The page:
“Our article was used to argue that the attack on social psychology by Pim Levelt and colleagues was “unacceptably flawed”.”
A final example of how the freedom to indulge one’s curiosity can be rewarding is my recent article on the validity of student ratings of teaching (Stroebe, 2016b, in press). A colleague had sent me a paper that linked students’ course evaluations not only to the grades they received in the evaluated courses, but also to the grades they received in follow-up courses that built on the knowledge of the rated course (Braga et al., 2014). Unexpectedly, while the evaluations were positively correlated with students’ grades within the same course, they were negatively correlated with students’ grades in later courses. The authors concluded that (at least less able) students prefer courses that require little work and result in good grades, even though they do not necessarily add much in terms of acquisition of knowledge. I found this so interesting that I read up on it and wrote an article documenting the various psychological processes responsible for this effect. In line with Braga and colleagues, I concluded that student ratings of teaching reflect course enjoyment rather than learning.
“Unexpectedly, while the evaluations were positively correlated with students’ grades within the same course, they were negatively correlated with students’ grades in later courses.”
To conclude, if I had not been forced to retire, I would still be working full time and conducting empirical research. But retirement has provided me with time to pursue any topic that arouses my interest. Doing so has strengthened my belief that analyzing interesting issues from a social-psychology perspective provides insights that other disciplines fail to offer. While I have enjoyed doing this, I still miss the excitement of collecting empirical data to test theoretical hypotheses.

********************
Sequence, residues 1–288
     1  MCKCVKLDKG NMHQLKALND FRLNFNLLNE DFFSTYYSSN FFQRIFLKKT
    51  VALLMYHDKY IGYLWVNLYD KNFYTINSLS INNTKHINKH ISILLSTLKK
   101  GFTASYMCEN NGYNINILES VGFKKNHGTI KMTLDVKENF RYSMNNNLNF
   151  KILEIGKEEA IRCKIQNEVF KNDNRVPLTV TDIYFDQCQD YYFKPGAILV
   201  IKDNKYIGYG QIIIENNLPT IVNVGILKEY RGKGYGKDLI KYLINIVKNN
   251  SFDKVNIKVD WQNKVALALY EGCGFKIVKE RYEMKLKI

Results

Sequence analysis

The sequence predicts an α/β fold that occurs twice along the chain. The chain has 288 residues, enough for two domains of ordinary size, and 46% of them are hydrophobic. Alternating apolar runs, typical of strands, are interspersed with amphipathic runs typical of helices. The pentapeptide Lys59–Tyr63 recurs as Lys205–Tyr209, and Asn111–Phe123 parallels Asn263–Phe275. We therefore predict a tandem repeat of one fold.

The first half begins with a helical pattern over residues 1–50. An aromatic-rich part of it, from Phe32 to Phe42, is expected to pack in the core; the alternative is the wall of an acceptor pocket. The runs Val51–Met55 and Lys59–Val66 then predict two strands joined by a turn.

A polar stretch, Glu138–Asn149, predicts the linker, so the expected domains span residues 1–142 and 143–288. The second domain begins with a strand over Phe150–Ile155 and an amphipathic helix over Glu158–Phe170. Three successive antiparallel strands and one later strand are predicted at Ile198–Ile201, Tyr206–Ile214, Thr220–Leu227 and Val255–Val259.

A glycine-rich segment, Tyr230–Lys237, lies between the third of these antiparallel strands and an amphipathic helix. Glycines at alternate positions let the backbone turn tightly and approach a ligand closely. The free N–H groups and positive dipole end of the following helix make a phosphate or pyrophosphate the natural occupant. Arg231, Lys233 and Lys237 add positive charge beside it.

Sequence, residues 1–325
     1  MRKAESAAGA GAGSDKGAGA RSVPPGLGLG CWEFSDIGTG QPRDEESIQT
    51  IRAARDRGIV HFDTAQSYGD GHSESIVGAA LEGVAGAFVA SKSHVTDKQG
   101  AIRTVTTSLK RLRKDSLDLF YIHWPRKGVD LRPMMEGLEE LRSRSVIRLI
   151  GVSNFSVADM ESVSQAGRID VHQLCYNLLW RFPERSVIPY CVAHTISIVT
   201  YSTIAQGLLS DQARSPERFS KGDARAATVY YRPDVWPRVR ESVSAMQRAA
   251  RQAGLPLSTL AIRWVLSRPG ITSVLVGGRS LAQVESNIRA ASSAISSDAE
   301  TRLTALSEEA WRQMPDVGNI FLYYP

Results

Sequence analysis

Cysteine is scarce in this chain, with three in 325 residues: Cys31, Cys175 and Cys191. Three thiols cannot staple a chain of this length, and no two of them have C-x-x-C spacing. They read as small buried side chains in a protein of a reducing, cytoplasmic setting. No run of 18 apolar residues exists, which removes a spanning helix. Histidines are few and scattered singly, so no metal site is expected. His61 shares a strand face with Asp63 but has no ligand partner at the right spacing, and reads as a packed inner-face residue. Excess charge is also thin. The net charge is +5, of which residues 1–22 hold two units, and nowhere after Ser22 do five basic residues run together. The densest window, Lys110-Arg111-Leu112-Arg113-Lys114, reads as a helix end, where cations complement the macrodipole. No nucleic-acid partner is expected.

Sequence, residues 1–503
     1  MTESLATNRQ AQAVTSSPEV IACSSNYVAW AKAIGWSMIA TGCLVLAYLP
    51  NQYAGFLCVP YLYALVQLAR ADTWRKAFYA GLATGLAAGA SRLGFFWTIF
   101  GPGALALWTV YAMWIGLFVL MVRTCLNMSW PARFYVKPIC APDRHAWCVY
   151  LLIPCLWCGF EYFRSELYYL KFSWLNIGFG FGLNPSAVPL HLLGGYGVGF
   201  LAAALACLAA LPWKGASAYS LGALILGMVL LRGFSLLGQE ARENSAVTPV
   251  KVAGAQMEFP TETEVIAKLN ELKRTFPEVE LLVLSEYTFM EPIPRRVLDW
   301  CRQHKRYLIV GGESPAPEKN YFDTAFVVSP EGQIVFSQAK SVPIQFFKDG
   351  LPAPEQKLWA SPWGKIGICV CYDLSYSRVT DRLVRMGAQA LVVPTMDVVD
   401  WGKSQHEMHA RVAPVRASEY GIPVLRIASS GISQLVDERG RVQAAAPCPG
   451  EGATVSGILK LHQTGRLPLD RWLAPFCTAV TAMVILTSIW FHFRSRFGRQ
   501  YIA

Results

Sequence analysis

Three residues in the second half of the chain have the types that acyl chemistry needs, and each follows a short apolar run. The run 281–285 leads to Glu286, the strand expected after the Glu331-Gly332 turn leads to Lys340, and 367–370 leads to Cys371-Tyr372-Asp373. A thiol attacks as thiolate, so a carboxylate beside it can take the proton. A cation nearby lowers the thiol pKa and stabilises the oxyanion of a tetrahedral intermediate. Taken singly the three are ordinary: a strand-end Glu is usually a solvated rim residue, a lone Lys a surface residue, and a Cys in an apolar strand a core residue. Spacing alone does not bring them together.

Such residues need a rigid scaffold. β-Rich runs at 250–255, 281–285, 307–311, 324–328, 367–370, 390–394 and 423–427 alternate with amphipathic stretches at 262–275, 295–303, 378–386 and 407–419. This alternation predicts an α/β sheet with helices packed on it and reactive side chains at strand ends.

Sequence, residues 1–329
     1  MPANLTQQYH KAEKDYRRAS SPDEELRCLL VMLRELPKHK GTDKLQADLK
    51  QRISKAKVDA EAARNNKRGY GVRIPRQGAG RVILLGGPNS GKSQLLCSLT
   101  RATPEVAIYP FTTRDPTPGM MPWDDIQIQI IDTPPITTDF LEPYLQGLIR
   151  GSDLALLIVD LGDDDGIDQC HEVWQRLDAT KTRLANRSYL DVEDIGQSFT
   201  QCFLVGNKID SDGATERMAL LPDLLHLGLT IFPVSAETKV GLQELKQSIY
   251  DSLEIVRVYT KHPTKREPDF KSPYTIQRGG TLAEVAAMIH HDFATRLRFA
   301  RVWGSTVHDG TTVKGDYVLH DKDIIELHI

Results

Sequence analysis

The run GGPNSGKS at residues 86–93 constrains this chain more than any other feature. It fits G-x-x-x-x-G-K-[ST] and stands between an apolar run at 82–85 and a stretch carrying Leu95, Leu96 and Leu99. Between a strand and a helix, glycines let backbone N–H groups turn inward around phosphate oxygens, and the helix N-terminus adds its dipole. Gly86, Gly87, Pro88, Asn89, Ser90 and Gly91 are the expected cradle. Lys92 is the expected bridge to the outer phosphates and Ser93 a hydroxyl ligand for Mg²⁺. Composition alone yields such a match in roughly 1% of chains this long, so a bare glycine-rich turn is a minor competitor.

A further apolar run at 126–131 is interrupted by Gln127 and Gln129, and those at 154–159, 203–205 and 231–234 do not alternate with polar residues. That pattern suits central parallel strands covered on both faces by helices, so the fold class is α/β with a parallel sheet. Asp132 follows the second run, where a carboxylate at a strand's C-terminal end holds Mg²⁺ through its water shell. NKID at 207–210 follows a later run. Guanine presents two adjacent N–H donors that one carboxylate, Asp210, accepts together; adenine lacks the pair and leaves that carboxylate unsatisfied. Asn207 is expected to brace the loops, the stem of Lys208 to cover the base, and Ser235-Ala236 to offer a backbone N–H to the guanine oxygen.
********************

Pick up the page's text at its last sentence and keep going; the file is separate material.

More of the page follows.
NOTE: Picture by Margaret Stroebe
Braga, M., Paccagnella, M. & Pellizzari, M. (2014). Evaluating students’ evaluations of professors. Economics of Education Review, 41, 71-88.
Stroebe, W., (2010). The graying of academia: Will it reduce scientific productivity? American Psychologist, 65, 660-673.
Stroebe, W., Postmes, T., & Spears, R. (2012) Scientific misconduct and the myth of self-correction in science. Perspectives on Psychological Science, 7, 670-688
Stroebe, W. (2013). Firearm possession and violent death: A critical review. Aggression and Violent Behavior, 18, 209-721.
Stroebe, W. (2015). Waffenbesitz in den USA: Gutes Recht oder böser Fluch. Gehirn & Geist, 2, 16-20.
Stroebe, W. (2016a). The key to productivity is not age but ability and motivation. Times Higher Education. https://www.timeshighereducation.com/search?f=field_breaking_news_byline%3A131956&f=field_breaking_news_byline%3A131957
Stroebe, W. (2016b). Student evaluation of teaching: No measure for the TEF. Times Higher Education. https://www.timeshighereducation.com/comment/student-evaluations-teaching-no-measure-tef
Stroebe, W. (in press). Firearm availability and violent death: The need for a culture change in attitudes toward guns. Analyses of Social Issues and Public Policy.
Stroebe, W. (in press). Why good teaching evaluations may reward bad teaching: On grade inflation and other unintended consequences of student evaluations. Perspectives on Psychological Science.